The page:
With junk insurance, you get what you pay for
How the Trump administration is undermining women’s health and what to do
INSPIRED BY MARCHES, movements (#MeToo, #TimesUp), and momentum (the unprecedented surge of females running for office), women are standing up for the issues that matter most to them. Let’s make sure that healthcare continues to be on that list.
Under the Affordable Care Act (ACA), American women have made dramatic gains. The number of uninsured working-age women has fallen by 8 million. More than 55 million women have access to preventative care at no cost. And women saved $1.4 billion on birth control in just one year.
Now, the Trump Administration is poised to erase some of that progress. How? By proposing new regulations that will allow the sale of “short-term” health insurance plans for much longer periods in the individual marketplace. (The individual marketplace is where people shop for health insurance if they don’t have coverage through their employer.) Valid for a proposed 364 days, rather than their current 3 months, these “short-term” plans don’t have to adhere to the consumer protections afforded by the ACA.
These changes are being billed as ways to give consumers health insurance that costs less. But you get what you pay for, and once these “bare-bones” plans start percolating through the marketplace, I’m anticipating a cascade of negative consequences—especially for women.
- Women’s reproductive health may not be covered. Imagine 28-year-old Jennifer who is between jobs and low on cash. She opts for one of the Trump administration’s proposed short-term insurance plans. If Jennifer gets pregnant, it’s likely she’ll find out that maternity coverage is not included in her plan. What’s more, if there are any complications in Jennifer’s pregnancy and she goes to the emergency room or must be hospitalized, many of those services may not be covered either. What if Jennifer isn’t pregnant and wants to use birth control? She had better check carefully, because her short-term health insurance policy may not cover it.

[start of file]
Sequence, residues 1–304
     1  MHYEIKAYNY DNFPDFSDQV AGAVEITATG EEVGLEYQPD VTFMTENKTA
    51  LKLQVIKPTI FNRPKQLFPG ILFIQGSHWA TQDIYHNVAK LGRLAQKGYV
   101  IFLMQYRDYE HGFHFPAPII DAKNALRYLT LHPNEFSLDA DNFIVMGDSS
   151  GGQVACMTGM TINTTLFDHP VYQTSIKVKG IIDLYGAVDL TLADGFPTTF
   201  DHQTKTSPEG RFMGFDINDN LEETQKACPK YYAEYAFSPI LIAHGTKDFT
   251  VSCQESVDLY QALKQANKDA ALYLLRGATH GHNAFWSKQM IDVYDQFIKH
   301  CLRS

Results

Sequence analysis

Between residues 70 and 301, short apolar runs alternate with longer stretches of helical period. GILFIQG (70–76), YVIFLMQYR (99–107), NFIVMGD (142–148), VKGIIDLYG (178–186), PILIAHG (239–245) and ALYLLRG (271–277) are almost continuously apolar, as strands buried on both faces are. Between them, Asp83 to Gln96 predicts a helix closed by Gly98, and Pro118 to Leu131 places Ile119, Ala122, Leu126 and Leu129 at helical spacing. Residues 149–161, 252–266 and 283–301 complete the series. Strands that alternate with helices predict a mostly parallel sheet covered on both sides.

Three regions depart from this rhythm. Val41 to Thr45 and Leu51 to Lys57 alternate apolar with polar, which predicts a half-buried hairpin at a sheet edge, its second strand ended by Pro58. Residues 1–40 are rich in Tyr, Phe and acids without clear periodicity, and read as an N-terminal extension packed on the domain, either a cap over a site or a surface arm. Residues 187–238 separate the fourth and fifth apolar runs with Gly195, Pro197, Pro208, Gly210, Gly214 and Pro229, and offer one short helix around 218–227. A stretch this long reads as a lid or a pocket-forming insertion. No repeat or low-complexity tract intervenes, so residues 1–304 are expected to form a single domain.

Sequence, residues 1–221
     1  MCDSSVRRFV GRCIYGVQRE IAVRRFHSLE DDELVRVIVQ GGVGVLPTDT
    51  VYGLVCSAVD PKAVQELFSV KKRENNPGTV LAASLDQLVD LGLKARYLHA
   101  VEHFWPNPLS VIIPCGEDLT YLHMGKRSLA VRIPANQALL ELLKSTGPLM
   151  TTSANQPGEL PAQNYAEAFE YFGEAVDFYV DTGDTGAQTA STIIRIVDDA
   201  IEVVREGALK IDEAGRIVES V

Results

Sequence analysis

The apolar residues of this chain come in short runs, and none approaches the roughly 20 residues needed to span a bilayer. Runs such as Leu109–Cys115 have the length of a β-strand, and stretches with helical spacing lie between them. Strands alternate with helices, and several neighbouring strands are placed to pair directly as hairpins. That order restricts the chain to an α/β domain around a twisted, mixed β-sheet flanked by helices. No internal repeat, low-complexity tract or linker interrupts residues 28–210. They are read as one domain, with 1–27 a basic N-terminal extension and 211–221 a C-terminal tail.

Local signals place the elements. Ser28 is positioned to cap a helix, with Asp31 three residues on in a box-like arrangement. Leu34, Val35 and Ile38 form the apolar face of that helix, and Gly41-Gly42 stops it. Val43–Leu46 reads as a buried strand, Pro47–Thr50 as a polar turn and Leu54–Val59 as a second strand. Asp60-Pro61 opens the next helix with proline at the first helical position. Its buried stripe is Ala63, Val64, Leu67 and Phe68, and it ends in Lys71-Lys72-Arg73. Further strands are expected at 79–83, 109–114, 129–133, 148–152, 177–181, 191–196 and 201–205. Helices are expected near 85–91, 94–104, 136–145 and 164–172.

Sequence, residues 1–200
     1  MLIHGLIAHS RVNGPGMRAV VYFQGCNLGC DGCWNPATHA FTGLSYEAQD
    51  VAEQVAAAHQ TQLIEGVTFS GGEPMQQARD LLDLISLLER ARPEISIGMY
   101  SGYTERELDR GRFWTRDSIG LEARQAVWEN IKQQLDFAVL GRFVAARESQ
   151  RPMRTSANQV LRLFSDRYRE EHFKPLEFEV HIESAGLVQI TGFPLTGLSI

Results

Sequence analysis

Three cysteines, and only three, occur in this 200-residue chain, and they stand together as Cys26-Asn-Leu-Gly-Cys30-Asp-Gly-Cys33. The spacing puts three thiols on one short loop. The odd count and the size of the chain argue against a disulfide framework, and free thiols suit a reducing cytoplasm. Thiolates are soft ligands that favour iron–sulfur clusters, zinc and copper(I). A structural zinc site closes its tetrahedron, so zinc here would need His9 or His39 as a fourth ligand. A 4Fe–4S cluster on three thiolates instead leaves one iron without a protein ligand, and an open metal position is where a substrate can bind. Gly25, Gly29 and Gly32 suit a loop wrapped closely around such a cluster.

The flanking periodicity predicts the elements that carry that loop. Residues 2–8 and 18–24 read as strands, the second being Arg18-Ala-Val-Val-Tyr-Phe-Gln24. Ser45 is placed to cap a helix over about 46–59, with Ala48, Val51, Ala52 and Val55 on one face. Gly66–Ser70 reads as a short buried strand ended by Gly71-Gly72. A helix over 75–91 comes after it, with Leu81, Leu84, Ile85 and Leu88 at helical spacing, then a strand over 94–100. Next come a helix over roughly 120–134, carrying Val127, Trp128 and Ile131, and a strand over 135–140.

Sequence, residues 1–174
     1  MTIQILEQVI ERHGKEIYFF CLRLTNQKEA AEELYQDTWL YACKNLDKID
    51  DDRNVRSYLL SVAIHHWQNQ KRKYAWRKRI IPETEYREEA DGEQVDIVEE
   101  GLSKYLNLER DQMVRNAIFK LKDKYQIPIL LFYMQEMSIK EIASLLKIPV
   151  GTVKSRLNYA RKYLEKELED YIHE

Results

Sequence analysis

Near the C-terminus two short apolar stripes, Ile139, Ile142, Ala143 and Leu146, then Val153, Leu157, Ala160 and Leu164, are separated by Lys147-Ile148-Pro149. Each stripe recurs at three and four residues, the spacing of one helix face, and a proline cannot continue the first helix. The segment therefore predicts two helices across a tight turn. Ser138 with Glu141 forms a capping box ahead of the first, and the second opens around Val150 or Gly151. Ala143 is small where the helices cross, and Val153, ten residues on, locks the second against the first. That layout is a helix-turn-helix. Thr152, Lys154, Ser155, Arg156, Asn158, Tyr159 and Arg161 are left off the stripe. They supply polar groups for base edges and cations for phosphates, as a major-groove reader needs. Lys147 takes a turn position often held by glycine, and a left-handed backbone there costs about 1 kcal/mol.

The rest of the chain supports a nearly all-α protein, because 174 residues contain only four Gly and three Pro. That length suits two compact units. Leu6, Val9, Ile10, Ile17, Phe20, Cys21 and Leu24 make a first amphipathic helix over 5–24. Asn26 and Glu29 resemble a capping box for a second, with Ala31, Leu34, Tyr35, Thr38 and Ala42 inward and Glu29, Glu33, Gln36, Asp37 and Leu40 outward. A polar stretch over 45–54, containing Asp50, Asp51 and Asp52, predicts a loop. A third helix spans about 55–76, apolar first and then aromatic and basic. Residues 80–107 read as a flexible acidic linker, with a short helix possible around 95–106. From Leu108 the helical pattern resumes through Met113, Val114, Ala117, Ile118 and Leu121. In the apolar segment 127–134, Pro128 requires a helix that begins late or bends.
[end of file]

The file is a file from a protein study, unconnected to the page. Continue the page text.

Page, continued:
- Women’s wellness care and pre-existing conditions won’t have to be covered. Meet Sue, who decides not to have her mammogram because preventative services are not covered under her new short-term insurance plan. Sue then detects a lump in her breast, pays out-of-pocket for a mammogram, and finds out that she has breast cancer. Only now the cancer is at a later stage where treatment is much more intense and expensive. Surely Sue’s insurance would kick in at this point? Not necessarily. It’s likely that Sue’s hospital visits and prescription drugs wouldn’t be fully covered, and she’d be subject to an annual limit of benefits. Could the situation get any worse? Yes. Under the Trump administration’s new proposed regulations, when Sue goes to look for different insurance, she could be denied her less expensive coverage because her cancer is now considered a pre-existing condition, and depending on the timing and circumstances, she could be locked out of purchasing ACA-compliant coverage for close to a year (due to being outside of the open enrollment period).
- Women may have to pay more for insurance just because they’re women. The Trump administration also wants to expand the use of Association Health Plans for businesses. While the Labor Department plans to prevent associations from rating, or pricing, groups based on health status of previous claims, they will still be free to use factors to set premiums prices based on age, gender, or industry. In other words, a business with more women of childbearing age could be quoted a higher rate than a company comprised of employees who are mostly men.
- Changing jobs will be more difficult. Given their caregiver roles, women tend to need more workplace flexibility throughout their careers. But if you can only get “good” insurance, affordably, through your employer, you’re apt to stay in your current job, even if it’s not the best fit for you and your family.
Rosemarie Day is the President of Day Health Strategies, a Somerville-based consulting firm that focuses on transforming the health care system to make it more patient-centered, affordable, and high performing. She served as the founding Deputy Director of the Massachusetts Health Connector and has been actively involved in health reform since 2006. Follow her on Twitter: @Rosemarie_Day1.